Day 611: Swell in Orwell

The route from Mount Tabor to Orwell, Vermont, the Mind’s Eye group’s next destination, passed near Bomoseen State Park, a recreation area surrounding the largest lake that is entirely within the borders of Vermont. After canoeing on Bomoseen Lake, the group headed on to Mount Independence State Historic Site. Located on the shores of Lake Ticonderoga, it was a major stronghold of the rebelling colonists during the Revolutionary War.

Mention “Orwell,” and most people think of George Orwell, the pen name of British author Eric Blair, who is best known for his books Animal Farm and 1984. He was a staunch opponent of totalitarian governments—either right or left—and the propaganda techniques that keep them in power, including the corruption of language. He coined the words “doublethink” and “newspeak.” The former is defined as, “the act of simultaneously accepting two mutually contradictory beliefs as correct,” and the latter means, “deliberately ambiguous and contradictory language used to mislead and manipulate the public.”

But historians believe that when the town was chartered in 1763 it was named after one Francis Vernon, a minor Irish politician whose title was Baron Orwell. Despite the town’s having no known connection to George Orwell, there is ample evidence that most of the residents of the Village of Orwell think for themselves. After a nineteenth century threshing accident that killed several of the town’s young men, the town passed a law banning the use of “modern farm machinery of all kinds.” It remains in force today. The village has also staunchly defended itself against fast-food franchises. However, at happy hour, Laetitia heard about at least one town resident who found independent thinking challenging. Before going off to join her group for dinner, she turned the story into the limerick of the day.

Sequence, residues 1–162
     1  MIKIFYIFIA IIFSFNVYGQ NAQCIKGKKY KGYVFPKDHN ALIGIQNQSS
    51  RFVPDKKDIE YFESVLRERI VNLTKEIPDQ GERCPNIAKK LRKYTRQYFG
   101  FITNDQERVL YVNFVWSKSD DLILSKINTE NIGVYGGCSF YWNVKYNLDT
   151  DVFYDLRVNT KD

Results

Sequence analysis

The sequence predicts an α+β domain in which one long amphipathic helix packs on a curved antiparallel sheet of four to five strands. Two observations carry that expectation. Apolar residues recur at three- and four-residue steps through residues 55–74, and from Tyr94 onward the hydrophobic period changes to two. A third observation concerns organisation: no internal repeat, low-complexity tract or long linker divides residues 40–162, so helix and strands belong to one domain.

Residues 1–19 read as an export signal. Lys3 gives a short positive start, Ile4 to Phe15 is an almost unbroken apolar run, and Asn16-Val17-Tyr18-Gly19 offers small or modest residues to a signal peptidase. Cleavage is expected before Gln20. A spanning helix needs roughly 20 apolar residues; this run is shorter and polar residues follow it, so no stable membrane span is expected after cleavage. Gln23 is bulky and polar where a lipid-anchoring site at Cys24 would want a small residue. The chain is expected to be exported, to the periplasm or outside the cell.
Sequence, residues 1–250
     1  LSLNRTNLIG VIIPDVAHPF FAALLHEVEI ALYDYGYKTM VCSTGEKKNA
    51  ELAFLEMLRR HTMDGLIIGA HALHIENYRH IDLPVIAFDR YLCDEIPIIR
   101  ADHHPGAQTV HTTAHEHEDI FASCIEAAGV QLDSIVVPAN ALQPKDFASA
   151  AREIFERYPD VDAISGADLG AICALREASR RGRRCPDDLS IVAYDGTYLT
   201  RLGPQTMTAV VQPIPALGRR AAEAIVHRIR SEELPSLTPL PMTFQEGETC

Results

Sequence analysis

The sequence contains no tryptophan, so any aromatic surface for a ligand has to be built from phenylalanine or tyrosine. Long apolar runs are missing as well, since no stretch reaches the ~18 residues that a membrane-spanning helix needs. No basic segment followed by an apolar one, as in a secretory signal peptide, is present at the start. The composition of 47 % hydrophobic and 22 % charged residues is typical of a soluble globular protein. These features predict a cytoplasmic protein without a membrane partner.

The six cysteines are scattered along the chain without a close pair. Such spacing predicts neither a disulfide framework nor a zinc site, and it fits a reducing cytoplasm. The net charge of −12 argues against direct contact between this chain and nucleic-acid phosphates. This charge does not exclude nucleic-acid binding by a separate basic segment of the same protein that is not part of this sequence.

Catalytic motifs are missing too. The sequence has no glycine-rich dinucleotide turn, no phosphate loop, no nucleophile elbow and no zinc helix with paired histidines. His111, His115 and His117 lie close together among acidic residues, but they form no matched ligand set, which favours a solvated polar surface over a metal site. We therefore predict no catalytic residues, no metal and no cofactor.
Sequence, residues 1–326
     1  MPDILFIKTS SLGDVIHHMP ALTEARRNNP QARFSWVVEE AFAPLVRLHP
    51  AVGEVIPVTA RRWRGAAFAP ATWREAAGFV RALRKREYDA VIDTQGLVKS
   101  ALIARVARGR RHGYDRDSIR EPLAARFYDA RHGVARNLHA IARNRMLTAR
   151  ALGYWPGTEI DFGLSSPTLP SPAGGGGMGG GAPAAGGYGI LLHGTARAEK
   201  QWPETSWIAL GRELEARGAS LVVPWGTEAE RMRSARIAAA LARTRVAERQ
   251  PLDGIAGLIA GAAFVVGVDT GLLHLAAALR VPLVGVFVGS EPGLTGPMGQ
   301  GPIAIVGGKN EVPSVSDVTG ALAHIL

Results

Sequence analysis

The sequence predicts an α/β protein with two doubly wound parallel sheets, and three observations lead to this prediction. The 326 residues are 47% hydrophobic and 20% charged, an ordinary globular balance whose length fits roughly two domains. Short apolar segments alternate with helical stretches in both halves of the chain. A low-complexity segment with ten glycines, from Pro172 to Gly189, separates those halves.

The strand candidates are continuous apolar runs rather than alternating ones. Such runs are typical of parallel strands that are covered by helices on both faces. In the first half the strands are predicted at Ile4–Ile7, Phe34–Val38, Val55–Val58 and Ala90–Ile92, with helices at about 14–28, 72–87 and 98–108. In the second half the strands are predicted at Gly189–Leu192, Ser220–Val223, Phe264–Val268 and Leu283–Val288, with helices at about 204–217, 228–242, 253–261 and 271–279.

There was a young man from Orwell
Who with “Victory Gin” plied his Nell
And lied to his niece
When he said, “war is peace”
For he thought that newspeak is quite swell.

Day 322: Filching

Not far from Lewes is a hamlet also in East Sussex called Filching. It is a small community with a tea garden, chalk quarry, a few homes, and a large fifteenth-century country house called Filching Manor. Filching has the distinction of being listed in Rude UK, indicating that the name has one or more rude meanings.

Laetitia and her group visited the Filching Manor Motor Museum, which houses the Bluebird boat that Sir Malcolm Campbell drove to take the world water speed record. A K3 Rolls Royce engine powers the Bluebird speedboat. The museum also has a Bluebird electric vehicle on display. They went from the museum to the Red Lion Inn in nearby Willingdon, which is the setting for George Orwell’s Animal Farm. They had dinner there, and Laetitia presented the two-verse limerick of the day.

‘Tis said in the dark Middle Ages
That filching was fair but not wages
For soldiers on duty
Who got paid in booty
And could commit other outrages.

But today Filching is a quaint village
Where errant knights no longer pillage
So do folks there still filch
Or is filching there zilch
With the village in a pillage-nil age?